SAARC failure compels Lanka to find other ‘viable options’: PM
With the collapse of SAARC Summit in Pakistan, Sri Lankan Prime Minister Ranil Wickremesinghe has said that the failure of the regional grouping to deliver “acceptable results” for all members would spell a “bleak future” and compel his country to find other “viable options”.
Wickremesinghe’s remark assumes significance as Sri Lanka was one of the four SAARC member-states which sided with India in pulling out of the summit scheduled in Islamabad on November 9-10 over an attack on an Indian army base in Uri on September 18 by Pakistan-based terrorists.
Delivering a lecture on ‘Sri Lanka and its Place in the World” at the New Zealand Parliament House in Auckland on Monday, the Sri Lankan premier said that following the Uri attack, the 19th SAARC Summit in Islamabad has been postponed.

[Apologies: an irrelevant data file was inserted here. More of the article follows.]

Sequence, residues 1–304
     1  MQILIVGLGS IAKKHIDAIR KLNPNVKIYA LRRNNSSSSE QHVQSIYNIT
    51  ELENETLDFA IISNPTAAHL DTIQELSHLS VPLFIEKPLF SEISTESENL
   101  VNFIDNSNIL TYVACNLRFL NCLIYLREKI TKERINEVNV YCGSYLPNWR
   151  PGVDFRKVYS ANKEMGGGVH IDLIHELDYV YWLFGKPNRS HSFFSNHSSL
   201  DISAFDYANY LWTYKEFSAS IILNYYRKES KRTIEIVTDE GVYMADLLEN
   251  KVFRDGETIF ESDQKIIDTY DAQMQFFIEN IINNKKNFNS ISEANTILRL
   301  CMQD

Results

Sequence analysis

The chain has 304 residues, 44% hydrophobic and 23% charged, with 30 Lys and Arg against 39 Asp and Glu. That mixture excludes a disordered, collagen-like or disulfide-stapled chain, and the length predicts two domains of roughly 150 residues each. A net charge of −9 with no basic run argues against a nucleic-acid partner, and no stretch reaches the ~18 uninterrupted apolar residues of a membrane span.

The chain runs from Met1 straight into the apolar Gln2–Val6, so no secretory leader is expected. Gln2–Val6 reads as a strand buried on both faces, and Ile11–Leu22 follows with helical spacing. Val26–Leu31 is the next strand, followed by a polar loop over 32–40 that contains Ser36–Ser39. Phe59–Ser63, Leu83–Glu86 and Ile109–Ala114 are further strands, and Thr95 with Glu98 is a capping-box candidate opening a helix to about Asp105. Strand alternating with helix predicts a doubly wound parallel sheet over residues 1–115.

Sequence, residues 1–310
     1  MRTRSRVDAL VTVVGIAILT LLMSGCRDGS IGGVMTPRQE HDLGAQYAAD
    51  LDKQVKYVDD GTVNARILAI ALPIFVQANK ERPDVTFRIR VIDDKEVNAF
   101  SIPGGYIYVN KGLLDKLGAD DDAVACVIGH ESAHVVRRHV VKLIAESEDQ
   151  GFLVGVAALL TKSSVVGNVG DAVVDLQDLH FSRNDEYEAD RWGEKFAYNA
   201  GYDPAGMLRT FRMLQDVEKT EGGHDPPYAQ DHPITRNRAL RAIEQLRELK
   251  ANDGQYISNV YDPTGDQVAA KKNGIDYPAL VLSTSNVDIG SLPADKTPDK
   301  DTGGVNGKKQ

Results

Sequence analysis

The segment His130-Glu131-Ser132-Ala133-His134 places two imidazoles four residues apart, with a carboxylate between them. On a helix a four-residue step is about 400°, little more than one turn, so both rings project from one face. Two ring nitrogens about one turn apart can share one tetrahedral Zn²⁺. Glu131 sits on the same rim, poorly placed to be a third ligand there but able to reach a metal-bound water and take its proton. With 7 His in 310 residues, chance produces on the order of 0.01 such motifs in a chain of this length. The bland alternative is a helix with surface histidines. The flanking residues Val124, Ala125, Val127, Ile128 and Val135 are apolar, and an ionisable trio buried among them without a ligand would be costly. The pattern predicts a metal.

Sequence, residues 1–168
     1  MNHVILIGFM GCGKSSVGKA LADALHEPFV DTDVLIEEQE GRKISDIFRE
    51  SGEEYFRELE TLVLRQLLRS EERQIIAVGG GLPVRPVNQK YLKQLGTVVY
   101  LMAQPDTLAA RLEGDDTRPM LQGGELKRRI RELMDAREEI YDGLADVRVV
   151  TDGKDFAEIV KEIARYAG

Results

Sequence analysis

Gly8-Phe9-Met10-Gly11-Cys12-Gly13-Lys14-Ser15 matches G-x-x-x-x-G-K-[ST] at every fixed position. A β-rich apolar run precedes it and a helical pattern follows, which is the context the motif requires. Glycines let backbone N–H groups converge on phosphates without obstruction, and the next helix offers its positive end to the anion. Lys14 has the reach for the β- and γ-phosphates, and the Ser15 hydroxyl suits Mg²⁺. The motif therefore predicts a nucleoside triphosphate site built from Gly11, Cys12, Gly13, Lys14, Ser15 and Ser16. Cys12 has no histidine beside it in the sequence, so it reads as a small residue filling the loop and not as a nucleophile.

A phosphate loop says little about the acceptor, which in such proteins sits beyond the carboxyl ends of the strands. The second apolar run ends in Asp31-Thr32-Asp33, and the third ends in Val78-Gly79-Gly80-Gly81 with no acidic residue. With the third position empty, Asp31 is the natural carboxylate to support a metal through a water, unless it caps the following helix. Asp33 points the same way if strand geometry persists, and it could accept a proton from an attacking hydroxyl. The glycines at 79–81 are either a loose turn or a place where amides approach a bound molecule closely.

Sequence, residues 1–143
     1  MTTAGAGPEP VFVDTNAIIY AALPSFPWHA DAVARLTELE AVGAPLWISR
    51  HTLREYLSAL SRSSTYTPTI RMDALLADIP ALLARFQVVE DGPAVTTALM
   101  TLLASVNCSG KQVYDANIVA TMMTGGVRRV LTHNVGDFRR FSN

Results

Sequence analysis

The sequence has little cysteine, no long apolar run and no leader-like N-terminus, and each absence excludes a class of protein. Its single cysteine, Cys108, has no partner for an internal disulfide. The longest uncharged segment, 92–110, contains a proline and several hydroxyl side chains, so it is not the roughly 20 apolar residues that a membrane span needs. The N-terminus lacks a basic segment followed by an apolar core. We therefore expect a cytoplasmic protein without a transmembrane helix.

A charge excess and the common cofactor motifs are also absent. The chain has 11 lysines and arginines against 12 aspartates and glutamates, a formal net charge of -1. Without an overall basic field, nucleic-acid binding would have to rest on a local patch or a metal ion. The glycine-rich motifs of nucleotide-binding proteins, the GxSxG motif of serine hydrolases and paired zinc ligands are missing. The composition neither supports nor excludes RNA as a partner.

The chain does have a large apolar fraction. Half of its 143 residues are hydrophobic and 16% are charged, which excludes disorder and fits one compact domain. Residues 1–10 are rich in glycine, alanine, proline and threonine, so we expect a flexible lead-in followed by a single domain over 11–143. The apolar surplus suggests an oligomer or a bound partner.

“This year’s SAARC Summit is in jeopardy due to the war prevailing on the border. However, as the SAARC plays an important role, carrying out the Summit is a matter of great importance,” Wickremesinghe said.
“I explained that while the failure of SAARC to deliver acceptable results for all members would spell out a bleak future, it would also compel Sri Lanka to look towards other viable options,” he said.
He, however, did not elaborate what he meant by “other viable options” but said it was imperative that Association of Southeast Asian Nations (ASEAN) and South Asian Association for Regional Cooperation (SAARC) nations work together to improve regional cooperation.
Wickremesinghe recalled the 1985 SAARC Summit when Sri Lanka proposed countering border terrorism as an issue, but he rued it was ultimately not agreed upon due to disagreements among member-states.
He sought a simple plan from SAARC members which could be agreed upon to move forward in the light of the situation.
Sri Lankan Opposition parties have been critical of the government’s decision to pull out of the Summit, alleging it was a decision to “please” India while causing displeasure to Pakistan.
Other than Sri Lanka, Bhutan, Bangladesh and Afghanistan have also pulled out of the summit saying the regional environment was “not conducive” for a succesfull meet.
Nepal, the SAARC Chair, has asked member-states to ensure their territories are not used for cross-border terrorism.